If you love bookstores you will love the chapter called “The Revenge of Retail” as he walks us through several small shops, critiques the ubiquity of Amazon, and listens in to readers as they talk about their Kindles. Is there a way to humanize and make more really real the e-commerce experience? (We try, here, which is why I always reply to our on-line orders with a personal email.) There is a really great chapter in Revenge of… on board games (which, if you are youngish, you know are on the rise) and a great chapter on film, where the shift to digital was swift and decisive; but guess what? There is a chapter called “The Revenge of Work” and the book ends (I skipped ahead) with an epilogue called “The End of Summer.” This is happy, narrative non-fiction at its best, interesting and informative and at times exciting.
Two years ago we reviewed at Booknotes and promoted a book about basic Christian living that explored artisan and maker culture called Jesus Bread and Chocolate: Crafting a Handmaid Faith in a Mass-Market World by indie rock reviewer, musician, bread-maker and craft beer aficionado John J. Thompson (Zondervan; $15.99.) A number of our customers continue to tell us how much they enjoyed it; well, if you liked that one, you’ll really appreciate this.
More Theology and Less Heavy Cream: The Domestic Life of Pietro and Madeleine Robert Farrar Capon (Mockingbird) $16.00 Okay, I can’t review this thoroughly now, but will just set it up for you. It’s more or less a follow up to a nonfiction book, so although it isn’t non-fiction, I’m listing it here now. I hope you know the award-winning, wonderfully written and rather intense theological cookbook by Capon called Supper of the Lamb: A Culinary Reflection (Moder Library; $16.00.) It is exactly that, a memoir about cooking, including a large leg of lamb recipe, by theologian and Episcopal priest, the late Fr. Robert Farrar Capon.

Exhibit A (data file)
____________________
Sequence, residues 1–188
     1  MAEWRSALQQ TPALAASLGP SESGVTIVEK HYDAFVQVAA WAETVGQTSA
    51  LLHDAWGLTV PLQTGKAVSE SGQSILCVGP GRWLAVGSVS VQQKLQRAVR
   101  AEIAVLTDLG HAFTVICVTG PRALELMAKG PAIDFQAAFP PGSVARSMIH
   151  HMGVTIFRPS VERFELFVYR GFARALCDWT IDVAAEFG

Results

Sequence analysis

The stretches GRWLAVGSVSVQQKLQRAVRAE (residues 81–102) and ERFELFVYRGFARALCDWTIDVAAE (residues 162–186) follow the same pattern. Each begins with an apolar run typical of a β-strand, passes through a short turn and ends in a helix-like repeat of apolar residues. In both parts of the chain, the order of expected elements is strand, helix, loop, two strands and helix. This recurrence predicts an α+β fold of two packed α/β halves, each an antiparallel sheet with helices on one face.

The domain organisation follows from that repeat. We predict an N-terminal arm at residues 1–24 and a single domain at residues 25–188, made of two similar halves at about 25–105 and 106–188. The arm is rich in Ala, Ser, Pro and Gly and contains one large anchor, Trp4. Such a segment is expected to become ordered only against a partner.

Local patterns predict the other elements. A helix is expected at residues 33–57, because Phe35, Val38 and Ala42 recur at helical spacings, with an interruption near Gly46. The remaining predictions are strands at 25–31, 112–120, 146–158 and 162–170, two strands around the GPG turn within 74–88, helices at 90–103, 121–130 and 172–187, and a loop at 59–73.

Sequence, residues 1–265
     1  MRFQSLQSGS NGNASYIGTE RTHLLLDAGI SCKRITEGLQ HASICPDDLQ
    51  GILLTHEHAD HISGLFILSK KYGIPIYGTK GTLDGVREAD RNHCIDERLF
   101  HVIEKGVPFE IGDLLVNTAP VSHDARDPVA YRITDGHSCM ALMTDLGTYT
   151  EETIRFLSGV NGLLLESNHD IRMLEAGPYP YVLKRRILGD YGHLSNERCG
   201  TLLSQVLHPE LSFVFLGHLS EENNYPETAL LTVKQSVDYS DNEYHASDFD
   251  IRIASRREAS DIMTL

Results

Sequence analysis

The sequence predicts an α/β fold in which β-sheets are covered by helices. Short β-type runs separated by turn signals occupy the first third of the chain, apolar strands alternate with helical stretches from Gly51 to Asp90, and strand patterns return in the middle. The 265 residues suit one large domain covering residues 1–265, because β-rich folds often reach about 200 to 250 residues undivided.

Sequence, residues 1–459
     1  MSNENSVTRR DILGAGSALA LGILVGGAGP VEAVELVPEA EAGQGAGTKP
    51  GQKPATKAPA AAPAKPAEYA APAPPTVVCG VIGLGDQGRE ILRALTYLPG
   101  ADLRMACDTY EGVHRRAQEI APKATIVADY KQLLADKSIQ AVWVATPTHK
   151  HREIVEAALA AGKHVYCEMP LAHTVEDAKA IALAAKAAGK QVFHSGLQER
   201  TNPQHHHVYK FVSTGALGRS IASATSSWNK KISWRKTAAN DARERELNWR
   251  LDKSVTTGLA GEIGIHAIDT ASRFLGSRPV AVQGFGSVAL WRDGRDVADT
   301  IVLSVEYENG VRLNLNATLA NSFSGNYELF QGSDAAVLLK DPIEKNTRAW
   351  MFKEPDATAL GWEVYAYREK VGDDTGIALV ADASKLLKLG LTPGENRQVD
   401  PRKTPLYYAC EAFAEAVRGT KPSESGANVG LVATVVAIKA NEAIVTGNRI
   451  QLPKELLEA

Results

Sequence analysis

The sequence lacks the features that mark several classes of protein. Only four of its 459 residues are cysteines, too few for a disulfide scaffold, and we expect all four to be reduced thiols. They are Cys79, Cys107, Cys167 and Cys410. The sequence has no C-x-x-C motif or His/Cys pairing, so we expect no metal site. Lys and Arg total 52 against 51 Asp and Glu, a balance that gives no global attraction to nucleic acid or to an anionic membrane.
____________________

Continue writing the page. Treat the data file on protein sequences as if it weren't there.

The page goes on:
(To appreciate the impact a book like that can have, read the breathtakingly good chapter “And She Took Flour: Cooking Lessons from Supper of the Lamb” by our friend Denise Frame Harlan, in the spectacular collection of essays The Spirit of Food: Essays on Food and Faith edited by Leslie Leyland Fields [Wipf & Stock; $32.00] which is one of my all time favorite books.)